Does Caffeine Transfer To Breastmilk?
While breastfeeding, what amount of caffeine is safe? As with other caffeinated beverages and foods such as soda and chocolate, the amount of caffeine in coffee can vary widely. Each cup’s caffeine content is determined by the type of coffee bean used, the amount of time it takes to brew, and the strength of the coffee. Caffeine content in light roasts is lower than that of espressos, which has a significantly higher concentration. During breastfeeding, the majority of doctors and experts recommend that you limit your caffeine intake to no more than 300 milligrams per day.
- Occasionally, although only slightly, these suggestions may differ.
- Approximately 200 milligrams per day is recommended by the American College of Obstetricians and Gynecologists.
- Sorry to all you grande and venti drinkers out there.
- Coffee contains approximately 64 milligrams of caffeine per shot, which is about the same as one ounce.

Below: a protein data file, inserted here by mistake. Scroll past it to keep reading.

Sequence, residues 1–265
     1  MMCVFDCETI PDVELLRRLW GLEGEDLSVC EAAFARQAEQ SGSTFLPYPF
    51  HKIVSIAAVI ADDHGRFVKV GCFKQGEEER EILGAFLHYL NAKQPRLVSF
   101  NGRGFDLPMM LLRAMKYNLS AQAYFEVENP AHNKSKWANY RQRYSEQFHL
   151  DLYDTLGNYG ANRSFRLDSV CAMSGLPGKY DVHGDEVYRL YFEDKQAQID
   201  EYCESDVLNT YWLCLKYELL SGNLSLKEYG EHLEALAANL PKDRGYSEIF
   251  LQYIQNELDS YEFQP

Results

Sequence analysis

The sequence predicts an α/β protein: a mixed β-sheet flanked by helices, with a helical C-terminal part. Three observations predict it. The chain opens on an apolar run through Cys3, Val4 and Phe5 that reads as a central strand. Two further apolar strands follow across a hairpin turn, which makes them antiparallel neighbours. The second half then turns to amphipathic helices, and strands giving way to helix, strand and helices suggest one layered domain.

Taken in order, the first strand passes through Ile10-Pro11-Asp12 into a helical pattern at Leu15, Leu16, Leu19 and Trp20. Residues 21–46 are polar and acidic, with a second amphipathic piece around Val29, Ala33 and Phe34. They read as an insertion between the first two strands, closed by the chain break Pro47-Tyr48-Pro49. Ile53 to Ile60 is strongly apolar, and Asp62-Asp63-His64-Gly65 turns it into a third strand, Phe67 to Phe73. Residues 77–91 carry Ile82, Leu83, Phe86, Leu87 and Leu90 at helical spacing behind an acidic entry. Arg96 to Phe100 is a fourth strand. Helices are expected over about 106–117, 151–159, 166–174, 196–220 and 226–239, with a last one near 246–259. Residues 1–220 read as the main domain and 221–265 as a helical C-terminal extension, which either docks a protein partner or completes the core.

The Effects of Caffeine on Breastfed Babies
Some infants are more sensitive to caffeine than others, and as a result, they may experience a variety of uncomfortable side effects. This is especially true for preterm infants, whose bodies have a tendency to break down caffeine more slowly than those born at full term. In most cases, however, the mother would have to consume a significant amount of coffee in order to have an effect. The following are examples of adverse effects: Certain newborns are more sensitive to caffeine than others, and as a result, they may experience some unpleasant side effects as a result of the caffeine exposure.
Typically, however, a significant amount of coffee would need to be consumed by the mother in order to have an effect on the child.
The Effects of Caffeine on Postpartum Moms
When you consume an excessive amount of coffee, you are not the only one who may suffer from unpleasant side effects. While a cup or two of coffee may make you feel more awake and active, drinking too much of it might have the following negative side effects: